Dr. Lushington

said, that if no blame was to be attached to Mr. Grattan, who had created these voters, were they to allow no locus penitentice to the voters who had been so created? He, therefore, thought, that they were bound to narrow the Amendment, so as to exempt them from punishment for fictitious voting; and he also thought, that they ought to narrow it so as to save them from penalty for bribery. For, in fact, who were the most guilty persons on the question of bribery—those who gave the bribe, or those who received it?—those who, knowing it was an infringement of the law, tempted the poor man, for the sake of the honour of a seat in that House, or those who received it, because they were really in want of the pittance that was thus offered? The perjury and bribery at the Dublin election were most disgraceful, but it was not the poor who ought to be prosecuted, but the paid agent; and, against him, the law ought to be let loose in all its severity. He would therefore, have the Amendment limited to directing prosecutions against those who had been guilty of bribing the voters.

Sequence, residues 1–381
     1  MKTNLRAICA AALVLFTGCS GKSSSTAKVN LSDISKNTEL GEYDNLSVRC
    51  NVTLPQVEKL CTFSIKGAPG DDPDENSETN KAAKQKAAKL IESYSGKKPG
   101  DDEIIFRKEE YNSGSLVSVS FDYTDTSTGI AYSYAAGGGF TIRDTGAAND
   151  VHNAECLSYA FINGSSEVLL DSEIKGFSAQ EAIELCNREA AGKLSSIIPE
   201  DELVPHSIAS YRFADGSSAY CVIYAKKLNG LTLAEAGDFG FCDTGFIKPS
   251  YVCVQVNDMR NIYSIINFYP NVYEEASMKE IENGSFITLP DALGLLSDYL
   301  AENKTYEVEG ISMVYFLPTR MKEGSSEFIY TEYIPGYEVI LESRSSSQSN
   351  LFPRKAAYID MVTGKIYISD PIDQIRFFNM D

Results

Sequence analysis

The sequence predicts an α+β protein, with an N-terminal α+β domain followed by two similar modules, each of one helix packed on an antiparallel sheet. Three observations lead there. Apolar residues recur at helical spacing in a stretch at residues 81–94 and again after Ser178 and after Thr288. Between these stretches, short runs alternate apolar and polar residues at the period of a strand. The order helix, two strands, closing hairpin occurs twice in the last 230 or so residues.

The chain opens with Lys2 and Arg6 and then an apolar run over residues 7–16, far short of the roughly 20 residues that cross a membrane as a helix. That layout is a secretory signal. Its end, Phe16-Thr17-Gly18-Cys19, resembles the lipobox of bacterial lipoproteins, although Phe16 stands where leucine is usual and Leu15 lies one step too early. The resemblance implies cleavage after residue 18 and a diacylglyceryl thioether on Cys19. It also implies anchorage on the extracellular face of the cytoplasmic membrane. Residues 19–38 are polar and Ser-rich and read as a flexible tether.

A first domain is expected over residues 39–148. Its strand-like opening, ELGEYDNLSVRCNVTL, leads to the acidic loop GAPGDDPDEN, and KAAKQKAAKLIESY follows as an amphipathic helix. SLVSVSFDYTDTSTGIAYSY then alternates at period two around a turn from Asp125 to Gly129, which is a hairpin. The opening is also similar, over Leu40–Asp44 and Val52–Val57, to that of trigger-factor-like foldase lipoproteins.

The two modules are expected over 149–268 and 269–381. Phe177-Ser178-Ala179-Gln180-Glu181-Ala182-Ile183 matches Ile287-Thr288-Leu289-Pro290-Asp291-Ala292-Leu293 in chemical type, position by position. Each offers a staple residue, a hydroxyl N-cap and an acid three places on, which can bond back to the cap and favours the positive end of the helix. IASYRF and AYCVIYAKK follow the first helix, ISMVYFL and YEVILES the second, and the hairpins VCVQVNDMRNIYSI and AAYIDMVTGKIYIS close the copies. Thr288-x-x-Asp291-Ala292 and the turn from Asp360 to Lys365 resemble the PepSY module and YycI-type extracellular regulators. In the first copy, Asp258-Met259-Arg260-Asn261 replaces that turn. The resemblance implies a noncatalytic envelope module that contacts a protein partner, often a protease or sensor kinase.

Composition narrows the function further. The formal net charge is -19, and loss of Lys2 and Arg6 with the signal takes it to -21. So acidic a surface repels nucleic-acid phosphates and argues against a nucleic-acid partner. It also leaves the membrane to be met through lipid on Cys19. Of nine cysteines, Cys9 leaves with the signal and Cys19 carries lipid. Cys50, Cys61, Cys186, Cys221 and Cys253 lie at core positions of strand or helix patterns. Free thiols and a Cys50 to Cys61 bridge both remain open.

The Attorney General

conceived, that he had prepared his Amendment so as to meet the general wishes of the House. He conceived, that the feeling of the House was, that all persons should be prosecuted who had been guilty of bribery with respect to fictitious freeholders, for the act of creating them was, in the eye of the law, no crime at all. He conceived, that the object of his learned friend (Dr. Lushington) would be met, if it were moved, that the law-officers of the Crown in Ireland were directed to prosecute such acts of bribery as were committed at the last election, with respect to bribing voters. He should, therefore, withdraw his Amendment, and substitute for it a proposition, "that the law-officers of the Crown in Ireland be directed to take immediate measures for the purpose of bringing to justice all such persons as may have been guilty of bribing voters at the last election."

The Speaker having put the above Amendment from the Chair,

Mr. Alderman Waithman

said, that he should vote against the question, inasmuch as it amounted merely to a direction to prosecute and punish individuals for doing that which was a common practice with individuals in that House, and which had long been the practice throughout every part of the United Kingdom. He could never conceive a very favourable opinion of either the morals or intelligence of that man, who could uphold a system of Representation by which bribery became a common practice, and was encouraged in every shape, and who yet cried out so vehemently and ostentatiously for prosecuting poor individuals, when they were caught in the fact. He must remind the House of a Member, who, when a similar question had been discussed, had said—"Let him who is guiltless, throw the first stone; but, for my part, I must confess, that I am not the person by whom that stone can be cast." He did not think, that the last Amendment made any material alteration in that which had preceded it.